Aircraft coming in to land at Khartoum airport (Photo taken with my Sony Cybershot from our moving vehicle)
For more scenes around the world, click here

Khartoum Kites

Yellow-billed kites, common intra-African migrants, are never more prolific than here in Khartoum. This one was perched on the pole just beyond our balcony. I held the camera just out of the door, while keeping myself "invisible" inside. I wonder whether he was eying our budgies who are outdoors during the day...

For more on pets, click here

Saturday, February 20, 2010


The owner of my favourite spaza shop in our neighbourhood

May integrity and honesty protect me, Lord, for I put my trust in You. Psalm 25:21

honesty, reliability, veracity, uprightness

genuineness, sincerity

worthiness, decency, respectability

Earlier this week I popped over to my new and favourite spaza shop down the road. I first visited this shop when I was searching for a sewing kit. You can read about this
here, if you wish. This particular evening he had a number of customers before me, one who kept scrimmaging in the freezer, lifting an item, querying the price and replacing it again.

Eventually it was my turn and I placed my order of one fresh fruit juice and a small tub of vanilla ice cream. The price was SDG2 which is less than one US$. I paid him with SDG5 and at that moment a women leant across me and asked him for an item. He gave me my change, and turned to serve her as I left. I stopped off at the spaza shop just opposite our apartment building to buy a pack of fresh pitas. As I opened my purse, I saw that I had an extra note. Call me crazy but I am always aware of the notes and amounts in my purse at any given time. Here in Khartoum I am extra concious of the denominations as I'm still trying to get used to the currency. Without buying anything at Mohamed's shop, I turned and walked back to the first shop. The owner was serving yet another picky customer. When she left, I said to him, "I paid you with SDG5 and you gave me SDG8 change." He clapped his hand to his forehead and when I placed the 5 pound note on the counter, he thanked me most profusely.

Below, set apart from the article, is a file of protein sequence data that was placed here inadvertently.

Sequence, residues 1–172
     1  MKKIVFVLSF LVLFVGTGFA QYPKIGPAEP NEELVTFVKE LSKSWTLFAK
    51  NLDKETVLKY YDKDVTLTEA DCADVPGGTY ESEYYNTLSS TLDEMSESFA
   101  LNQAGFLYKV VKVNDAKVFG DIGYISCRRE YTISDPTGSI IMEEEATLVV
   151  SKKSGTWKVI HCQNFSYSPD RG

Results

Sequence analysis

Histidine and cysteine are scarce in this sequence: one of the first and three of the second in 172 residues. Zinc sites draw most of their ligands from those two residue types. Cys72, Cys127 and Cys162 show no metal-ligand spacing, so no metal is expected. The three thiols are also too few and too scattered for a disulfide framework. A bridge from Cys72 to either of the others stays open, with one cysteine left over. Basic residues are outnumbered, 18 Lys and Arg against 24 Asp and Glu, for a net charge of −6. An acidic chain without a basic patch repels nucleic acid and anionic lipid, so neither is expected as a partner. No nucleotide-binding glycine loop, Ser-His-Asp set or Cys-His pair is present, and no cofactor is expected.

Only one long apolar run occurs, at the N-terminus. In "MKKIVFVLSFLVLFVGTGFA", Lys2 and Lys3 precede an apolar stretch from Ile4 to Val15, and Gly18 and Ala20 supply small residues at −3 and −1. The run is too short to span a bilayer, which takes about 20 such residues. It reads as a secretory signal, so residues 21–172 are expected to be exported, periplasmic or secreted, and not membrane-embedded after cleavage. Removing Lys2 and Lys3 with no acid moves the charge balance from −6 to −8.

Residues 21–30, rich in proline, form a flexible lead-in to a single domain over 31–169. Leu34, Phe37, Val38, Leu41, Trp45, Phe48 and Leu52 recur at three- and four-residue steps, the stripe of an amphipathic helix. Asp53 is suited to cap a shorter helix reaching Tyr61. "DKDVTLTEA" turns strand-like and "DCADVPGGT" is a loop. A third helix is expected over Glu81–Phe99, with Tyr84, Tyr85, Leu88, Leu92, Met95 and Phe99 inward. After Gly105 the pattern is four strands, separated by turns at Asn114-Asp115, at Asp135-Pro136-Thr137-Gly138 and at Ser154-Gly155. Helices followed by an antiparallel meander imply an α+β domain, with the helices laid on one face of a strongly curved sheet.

The shop owner might or might not have remembered overchanging me that day. Whichever way, he couldn't have done anything about it. But I would have remembered had I not gone back with the extra money. Acting on this is called integrity.

This brings me to a very sad point in today's post. About a person who lacks integrity. A week ago I posted about the Khartoum cats , which you can read about
here. For the past ten days, my husband and I have been feeding three stray cats. One is here in our courtyard. The other two are in the city in two different locations. One of these had two kittens about three weeks ago; one kitten survived. The mother cat and kitten belong to the shop owner where we buy our bottled water. I bought tuna from his shop and was feeding the cat every second day while leaving a tin (and my can opener) for him to feed it on the days I did not get there. My husband popped in there on Thursday to buy our water and was taken to see the cat behind the fridge. He came home and reported that the kitten, whose eyes were open, looked like a little slug it was so well fed. The shop owner fed the mother cat while he was there.